The only bureaucrat from Kashmir currently in charge of a vital department is Asgar Hassan Samoon, principal secretary for school education.
According to J&K’s general administration department, there are currently five commissioner secretaries, of whom only two are Muslims. There are eight principal secretaries, but only one is Muslim. The commissioners of finance, revenue, health and medical education are all non-Muslims. Thus, of these 16 officers, only three are Muslim. And in the J&K UT at this time, of the 66 top bureaucrats, 38 are from other Indian states.
According to figures available with the J&K government, of the 20 districts of J&K, nine have Muslim deputy commissioners, but only four of them are from the Kashmir Valley.
Meanwhile, in the high court, the last Kashmiri to hold the position of chief justice was Bashir Ahmed Khan in 2007. At present, of the 12 sitting judges at the J&K high court, only two are Muslims. “This is the first time in my career of 15 years that I have seen only two Muslim judges here,” a senior advocate told Kashmir Infocus. “The J&K high court should have a 50-50 ratio of Muslim and non-Muslim judges,” he added.
Of the seven deputy inspectors-general of police in J&K, two are Muslim but none are from J&K. J&K has 23 police districts, seven of which have Muslim superintendents of police (SSPs), of whom only three are from the Kashmir Valley.
And in June 2019, the then governor’s administration had sacked J&K Bank’s Muslim chairman Parvez Ahmed about four months before the end of his term, replacing him with R.K. Chibber, a Hindu. Ahmed had been accused of nepotism, financial irregularities and illegal appointments in the bank, but rejected all the accusations.
Out of balance
In an exclusive interview with Kashmir Infocus on September 23, former chief minister of J&K Dr Farooq Abdullah, today a member of parliament from Srinagar constituency, had said: “Today, you have the LG who is Hindu, the DG and the two IGs are Hindus. But during our time we had representation from both communities. When we were in power – be it my father, me, my son, Mufti Sahab or others – Hindus and Muslims were equally distributed in the bureaucracy. Today, that balance is not there. There is a total wipeout. Do you think only one community has the brains and the other community does not have any brains at all?”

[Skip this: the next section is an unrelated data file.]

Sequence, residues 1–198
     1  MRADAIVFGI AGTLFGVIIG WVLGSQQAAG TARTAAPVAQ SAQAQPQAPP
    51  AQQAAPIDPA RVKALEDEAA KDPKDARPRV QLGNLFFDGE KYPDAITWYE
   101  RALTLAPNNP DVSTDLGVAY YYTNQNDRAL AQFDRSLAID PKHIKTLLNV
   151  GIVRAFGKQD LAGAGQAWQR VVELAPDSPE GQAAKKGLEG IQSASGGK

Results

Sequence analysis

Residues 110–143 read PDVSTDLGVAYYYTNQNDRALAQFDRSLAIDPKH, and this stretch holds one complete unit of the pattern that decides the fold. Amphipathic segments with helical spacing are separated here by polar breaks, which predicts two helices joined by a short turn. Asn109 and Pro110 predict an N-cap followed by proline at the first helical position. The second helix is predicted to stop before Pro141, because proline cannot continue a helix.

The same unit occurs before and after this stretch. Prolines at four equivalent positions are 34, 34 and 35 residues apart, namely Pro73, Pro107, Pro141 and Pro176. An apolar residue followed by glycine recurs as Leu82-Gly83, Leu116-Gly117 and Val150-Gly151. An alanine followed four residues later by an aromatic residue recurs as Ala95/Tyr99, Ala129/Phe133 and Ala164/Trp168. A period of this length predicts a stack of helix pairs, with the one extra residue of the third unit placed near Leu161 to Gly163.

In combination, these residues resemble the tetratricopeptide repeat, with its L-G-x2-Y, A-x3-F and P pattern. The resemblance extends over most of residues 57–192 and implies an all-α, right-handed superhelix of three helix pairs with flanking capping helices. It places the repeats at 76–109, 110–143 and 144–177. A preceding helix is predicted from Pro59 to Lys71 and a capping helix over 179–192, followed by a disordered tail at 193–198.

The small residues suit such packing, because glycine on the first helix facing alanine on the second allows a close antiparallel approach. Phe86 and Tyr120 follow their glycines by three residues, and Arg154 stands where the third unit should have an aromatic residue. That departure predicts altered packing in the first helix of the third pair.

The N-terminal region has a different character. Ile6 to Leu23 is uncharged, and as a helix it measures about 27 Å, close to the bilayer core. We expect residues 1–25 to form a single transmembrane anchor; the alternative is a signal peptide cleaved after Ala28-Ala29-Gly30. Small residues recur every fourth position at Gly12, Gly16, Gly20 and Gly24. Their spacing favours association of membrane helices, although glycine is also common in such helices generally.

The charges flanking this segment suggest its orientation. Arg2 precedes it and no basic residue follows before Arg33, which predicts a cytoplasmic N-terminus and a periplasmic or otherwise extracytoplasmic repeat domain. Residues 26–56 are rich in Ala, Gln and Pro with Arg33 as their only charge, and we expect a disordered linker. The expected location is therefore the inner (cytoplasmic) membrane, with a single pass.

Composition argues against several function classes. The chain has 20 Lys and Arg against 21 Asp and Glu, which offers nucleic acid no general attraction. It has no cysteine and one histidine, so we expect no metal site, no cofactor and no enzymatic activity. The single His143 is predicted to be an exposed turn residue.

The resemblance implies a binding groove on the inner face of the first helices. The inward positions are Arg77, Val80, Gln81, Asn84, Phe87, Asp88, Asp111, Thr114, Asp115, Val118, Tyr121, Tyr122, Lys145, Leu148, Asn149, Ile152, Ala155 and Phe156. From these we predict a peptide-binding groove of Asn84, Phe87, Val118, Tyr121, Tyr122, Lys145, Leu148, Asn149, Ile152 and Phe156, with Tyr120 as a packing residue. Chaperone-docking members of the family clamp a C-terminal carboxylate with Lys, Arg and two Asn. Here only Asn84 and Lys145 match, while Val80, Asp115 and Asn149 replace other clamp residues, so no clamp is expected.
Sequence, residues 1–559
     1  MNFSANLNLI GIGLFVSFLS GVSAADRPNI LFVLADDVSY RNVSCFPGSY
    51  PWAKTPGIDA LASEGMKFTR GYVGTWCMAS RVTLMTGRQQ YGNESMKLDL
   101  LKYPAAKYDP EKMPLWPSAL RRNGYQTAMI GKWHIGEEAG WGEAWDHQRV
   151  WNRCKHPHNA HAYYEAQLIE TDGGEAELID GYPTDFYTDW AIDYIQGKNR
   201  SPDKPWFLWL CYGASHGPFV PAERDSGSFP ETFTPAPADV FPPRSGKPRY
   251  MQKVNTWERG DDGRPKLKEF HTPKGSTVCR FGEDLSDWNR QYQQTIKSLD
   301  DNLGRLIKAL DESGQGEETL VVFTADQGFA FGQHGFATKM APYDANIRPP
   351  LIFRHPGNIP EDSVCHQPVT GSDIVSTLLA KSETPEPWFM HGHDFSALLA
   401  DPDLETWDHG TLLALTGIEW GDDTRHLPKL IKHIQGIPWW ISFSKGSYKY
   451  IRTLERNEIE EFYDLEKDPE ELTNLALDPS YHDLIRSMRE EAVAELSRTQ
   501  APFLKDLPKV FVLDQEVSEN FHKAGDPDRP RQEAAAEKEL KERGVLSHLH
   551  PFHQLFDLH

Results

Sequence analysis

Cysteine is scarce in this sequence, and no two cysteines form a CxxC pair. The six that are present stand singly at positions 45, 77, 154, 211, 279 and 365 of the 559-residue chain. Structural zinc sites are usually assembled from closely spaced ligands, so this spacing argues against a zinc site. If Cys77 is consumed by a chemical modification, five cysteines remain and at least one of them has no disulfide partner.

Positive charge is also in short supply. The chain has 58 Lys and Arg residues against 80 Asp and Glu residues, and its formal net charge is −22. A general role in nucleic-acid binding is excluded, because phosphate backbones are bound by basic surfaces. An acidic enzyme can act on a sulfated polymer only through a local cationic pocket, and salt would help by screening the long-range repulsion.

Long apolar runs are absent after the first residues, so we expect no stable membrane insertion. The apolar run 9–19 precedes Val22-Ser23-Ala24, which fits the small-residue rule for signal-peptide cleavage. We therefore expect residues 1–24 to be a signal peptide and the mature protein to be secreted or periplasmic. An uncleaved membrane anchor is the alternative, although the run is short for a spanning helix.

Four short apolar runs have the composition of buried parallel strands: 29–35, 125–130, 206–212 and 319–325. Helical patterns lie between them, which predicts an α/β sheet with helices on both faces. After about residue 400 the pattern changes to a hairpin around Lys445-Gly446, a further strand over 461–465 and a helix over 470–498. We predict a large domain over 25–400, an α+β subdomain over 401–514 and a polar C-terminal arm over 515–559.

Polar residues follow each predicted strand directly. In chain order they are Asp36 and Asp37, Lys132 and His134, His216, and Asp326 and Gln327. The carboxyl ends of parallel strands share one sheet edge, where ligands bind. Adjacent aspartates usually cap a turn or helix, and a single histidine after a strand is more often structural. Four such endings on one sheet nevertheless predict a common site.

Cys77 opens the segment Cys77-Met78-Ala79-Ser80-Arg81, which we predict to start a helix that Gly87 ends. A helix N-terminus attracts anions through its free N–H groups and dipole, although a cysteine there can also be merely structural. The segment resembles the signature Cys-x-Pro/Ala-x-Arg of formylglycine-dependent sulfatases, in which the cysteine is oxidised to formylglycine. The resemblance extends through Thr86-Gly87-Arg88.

Six months ago, social media in Kashmir trended a photograph released by the office of former J&K LG Girish Chandra Murmu. The photo depicted Murmu holding a meeting with a battery of bureaucrats. Of the 19 officials in the photo, there was just one local Muslim officer – Farooq Ahmad Lone, a former IAS officer. This photograph, according to Kashmiri social media users, showed that the Union government was deliberately making demographic changes in the predominantly Muslim Kashmir Valley.
Last week, senior BJP leader Muhammad Maqbool War even claimed that in coming days, all the posts in the UT’s civil and police administration would be held by BJP supporters. He made this claim in a party convention in the Sumbal area of North Kashmir’s Bandipora district.
However, Ashok Koul, the BJP’s general secretary in J&K, denied that his party had any plan to change the demography of J&K. “The LG of J&K has clearly said that he will bring good officers in the administration and there is no mention of Muslim or Hindu. Go and see – you will find Muslim commissioner secretaries in the administration,” said Koul.